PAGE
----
How To Use a Pitching Machine - Everything You Need to Know

How To Use a Pitching Machine - Everything You Need to Know

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How to Use a Pitching Machine

You might be wondering if a pitching machine is a good option for you. You might have heard some of the other parents or coaches talking about how they use them during batting practice, or about the different types of pitching machines they like to use. Let's take a look at how to use a pitching machine and some of the best ways to use them are.

What You're Going to Learn in This Article

In this article we are going to cover how to properly use pitching machines, how to load pitching machines, how to hit off a pitching machine, proper distance for a pitching machine, configuring your pitching machine settings, how to clean your pitching machine and how to overall get the most out of your pitching machine during batting practice.

For history of pitching machines or to understand how a pitching machine works, check these articles out: 

What is a Pitching Machine Used For?

Pitching machines are a very dynamic baseball training tool that can be used for batting practice, infield and outfield drills, catching practice, and more.

Are Pitching Machines Good for Batting Practice?

A baseball pitching machine is best used for and is specifically designed for batting practice and for helping a batter improve their hitting skills.

Pitching machines throw consistent strikes at variable speeds to a hitter, allowing them to get more swings in during practice. Depending on the machine, you can adjust a pitching machine to throw anywhere from 30-100 mph.

Furthermore, some pitching machine types, like 3 wheel pitching machines, can throw more advanced pitches like breaking balls (curveballs and sliders) from right and left-handed orientations. This allows players to have a competitive advantage in learning how to hit difficult pitches.

It's worth it to note that some people actually don't like pitching machines for batting practice. We wrote an entire article covering this, where we bust the myth of the question, "are pitching machines bad." If you've ever heard anyone talk about why they don't like pitching machines, please read through that article.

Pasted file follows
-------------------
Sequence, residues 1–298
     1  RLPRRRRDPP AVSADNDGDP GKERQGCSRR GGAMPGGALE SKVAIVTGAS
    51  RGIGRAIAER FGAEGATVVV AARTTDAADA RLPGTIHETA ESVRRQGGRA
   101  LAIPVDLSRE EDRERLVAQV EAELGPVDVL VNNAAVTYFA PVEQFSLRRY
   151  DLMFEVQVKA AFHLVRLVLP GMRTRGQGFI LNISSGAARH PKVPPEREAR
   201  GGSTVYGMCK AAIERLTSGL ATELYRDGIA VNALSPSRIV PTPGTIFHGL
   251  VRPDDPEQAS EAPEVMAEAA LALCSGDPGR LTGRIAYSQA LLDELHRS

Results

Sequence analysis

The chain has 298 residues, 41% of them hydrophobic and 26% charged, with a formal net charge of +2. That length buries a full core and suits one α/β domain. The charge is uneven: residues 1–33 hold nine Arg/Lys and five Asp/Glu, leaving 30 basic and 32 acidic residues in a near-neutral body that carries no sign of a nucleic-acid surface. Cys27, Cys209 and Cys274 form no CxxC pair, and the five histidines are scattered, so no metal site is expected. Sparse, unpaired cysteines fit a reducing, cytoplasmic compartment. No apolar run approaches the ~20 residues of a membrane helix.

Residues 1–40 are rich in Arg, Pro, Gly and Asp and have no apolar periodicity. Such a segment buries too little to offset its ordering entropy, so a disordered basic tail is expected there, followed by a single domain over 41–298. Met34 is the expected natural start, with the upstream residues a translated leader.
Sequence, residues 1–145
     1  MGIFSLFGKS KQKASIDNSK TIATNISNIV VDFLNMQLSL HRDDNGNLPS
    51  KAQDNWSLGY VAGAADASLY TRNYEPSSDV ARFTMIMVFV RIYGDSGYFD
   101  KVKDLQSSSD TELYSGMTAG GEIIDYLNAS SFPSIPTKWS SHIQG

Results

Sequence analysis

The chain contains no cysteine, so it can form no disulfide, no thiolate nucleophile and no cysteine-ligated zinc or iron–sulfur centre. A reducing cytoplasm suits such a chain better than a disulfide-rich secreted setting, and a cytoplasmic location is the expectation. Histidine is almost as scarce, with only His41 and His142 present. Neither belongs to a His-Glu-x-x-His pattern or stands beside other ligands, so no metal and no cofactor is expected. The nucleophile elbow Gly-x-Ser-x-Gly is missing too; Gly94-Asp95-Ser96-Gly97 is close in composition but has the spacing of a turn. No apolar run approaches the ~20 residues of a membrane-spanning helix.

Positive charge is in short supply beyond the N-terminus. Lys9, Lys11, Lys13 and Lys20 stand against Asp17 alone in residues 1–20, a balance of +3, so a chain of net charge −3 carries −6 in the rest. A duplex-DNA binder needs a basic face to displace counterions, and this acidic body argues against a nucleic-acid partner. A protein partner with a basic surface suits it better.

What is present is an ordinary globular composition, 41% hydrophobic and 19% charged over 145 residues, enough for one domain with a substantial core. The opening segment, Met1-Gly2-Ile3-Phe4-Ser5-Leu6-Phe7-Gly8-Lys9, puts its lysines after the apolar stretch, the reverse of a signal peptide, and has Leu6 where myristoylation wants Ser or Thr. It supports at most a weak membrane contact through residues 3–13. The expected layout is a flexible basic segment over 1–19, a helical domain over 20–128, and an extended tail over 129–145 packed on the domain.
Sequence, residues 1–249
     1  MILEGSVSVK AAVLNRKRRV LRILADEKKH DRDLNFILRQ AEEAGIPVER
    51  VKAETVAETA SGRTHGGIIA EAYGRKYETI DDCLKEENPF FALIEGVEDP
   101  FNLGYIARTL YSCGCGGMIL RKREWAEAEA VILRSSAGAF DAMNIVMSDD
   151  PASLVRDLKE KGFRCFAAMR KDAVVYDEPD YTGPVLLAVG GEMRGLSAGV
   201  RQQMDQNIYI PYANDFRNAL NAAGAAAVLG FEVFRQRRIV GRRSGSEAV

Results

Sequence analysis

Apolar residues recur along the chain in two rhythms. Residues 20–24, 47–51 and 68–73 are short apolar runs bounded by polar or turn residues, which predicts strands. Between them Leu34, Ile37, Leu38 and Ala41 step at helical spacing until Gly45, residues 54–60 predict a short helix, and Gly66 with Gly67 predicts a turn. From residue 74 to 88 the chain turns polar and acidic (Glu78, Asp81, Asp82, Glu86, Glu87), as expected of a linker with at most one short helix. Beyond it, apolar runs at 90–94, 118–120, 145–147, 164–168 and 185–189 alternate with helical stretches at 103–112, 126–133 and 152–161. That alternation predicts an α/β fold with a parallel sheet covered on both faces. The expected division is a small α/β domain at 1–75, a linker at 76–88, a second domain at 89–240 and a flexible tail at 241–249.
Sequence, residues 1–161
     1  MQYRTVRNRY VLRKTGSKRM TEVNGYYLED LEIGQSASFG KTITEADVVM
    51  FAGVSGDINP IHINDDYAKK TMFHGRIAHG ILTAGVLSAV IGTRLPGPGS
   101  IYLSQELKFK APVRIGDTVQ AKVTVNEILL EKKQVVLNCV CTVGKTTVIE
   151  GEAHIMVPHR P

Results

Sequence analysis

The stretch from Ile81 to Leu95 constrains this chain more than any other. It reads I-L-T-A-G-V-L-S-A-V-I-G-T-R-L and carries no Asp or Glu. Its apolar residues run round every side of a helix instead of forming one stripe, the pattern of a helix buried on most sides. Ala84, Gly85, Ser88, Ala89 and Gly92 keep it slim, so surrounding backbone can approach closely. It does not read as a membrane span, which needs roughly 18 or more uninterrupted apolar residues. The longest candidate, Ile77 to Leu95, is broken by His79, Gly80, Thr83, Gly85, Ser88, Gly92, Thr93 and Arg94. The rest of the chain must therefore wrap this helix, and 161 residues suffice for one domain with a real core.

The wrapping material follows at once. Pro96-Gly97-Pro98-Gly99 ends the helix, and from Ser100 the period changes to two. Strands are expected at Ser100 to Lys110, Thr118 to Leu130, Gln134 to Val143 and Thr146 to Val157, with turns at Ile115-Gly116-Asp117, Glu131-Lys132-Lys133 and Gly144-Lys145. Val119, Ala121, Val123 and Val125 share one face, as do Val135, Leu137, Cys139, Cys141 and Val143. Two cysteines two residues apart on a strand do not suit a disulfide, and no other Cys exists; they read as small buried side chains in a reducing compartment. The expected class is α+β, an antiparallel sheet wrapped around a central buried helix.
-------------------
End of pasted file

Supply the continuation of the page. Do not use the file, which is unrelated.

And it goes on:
Infield and Outfield Drills

Pitching machines are also a great tool for fielding drills. Not all, but some pitching machines can be used to throw ground balls, line drives, deep fly balls (some as far as 380 ft. to simulate the warning track), and catcher's pop-ups.

One of our favorite batting machines, the Hack Attack and Jr. Hack Attack, do an excellent job of this. These batting machines can produce ground balls, towering fly balls, deep fly balls to the warning track, and catcher's pop-ups with reverse spin, all simulating real game scenarios.

Hack Attack used on the field ball practice

If you're looking to buy a baseball pitching machine that is equipped with the ability to perform infield and outfield drills, be sure to read through the product description to confirm that it has these capabilities.

You may need to investigate further by making sure that the machine has a pivoting design that will allow it to pivot up for fly balls and down for grounders.

How to Effectively Use a Pitching Machine

If you came to this page because you want to learn how to set up your machine, we recommend using the search bar at the top of this page to find the machine you purchased from us, clicking through to the page, then go to the bottom of the description and click on the owner's manual or user's manual.

Hack Attack Baseball Pitching Machine Manual

If you came to this page to learn how to use a pitching machine the right way, then you're in the right place!

First things first, you want to make sure proper swing techniques are in order. If you or your kid does not have a proper swing technique, or someone to correct it, a batting machine may make it worse.

The consistent rhythm of the pitching machine with an improper technique can lead to poor performance during their next big game.

We wrote a whole article on whether or not pitching machines are bad, and what to avoid, which can be read here.

On the other hand, if you're confident in you swing or your kids swing, a pitching machine will be a very powerful tool. It will improve swing, hand eye coordination, timing and overall performance at the plate (improved batting average!).

How to Hit off a Pitching Machine: Best Practices

  • Make sure you or your kid has kicked all their swing bad habits.

  • Train with a partner that understands proper swing mechanics and will point out any mistakes you or your kid is making.

  • Change up the speed dial on the pitching machine to simulate a real game scenario

  • If you have a 2 or 3 wheel pitching machine, throw the breaking balls in the mix to train your eye.

  • And of course, utilize the infield and outfield drills that your pitching machine can perform!

How to Load a Pitching Machine

Before you send your first baseball through your pitching machine, you'll need to load it! Most pitching machines are hand-fed, but some come with automatic ball feeders.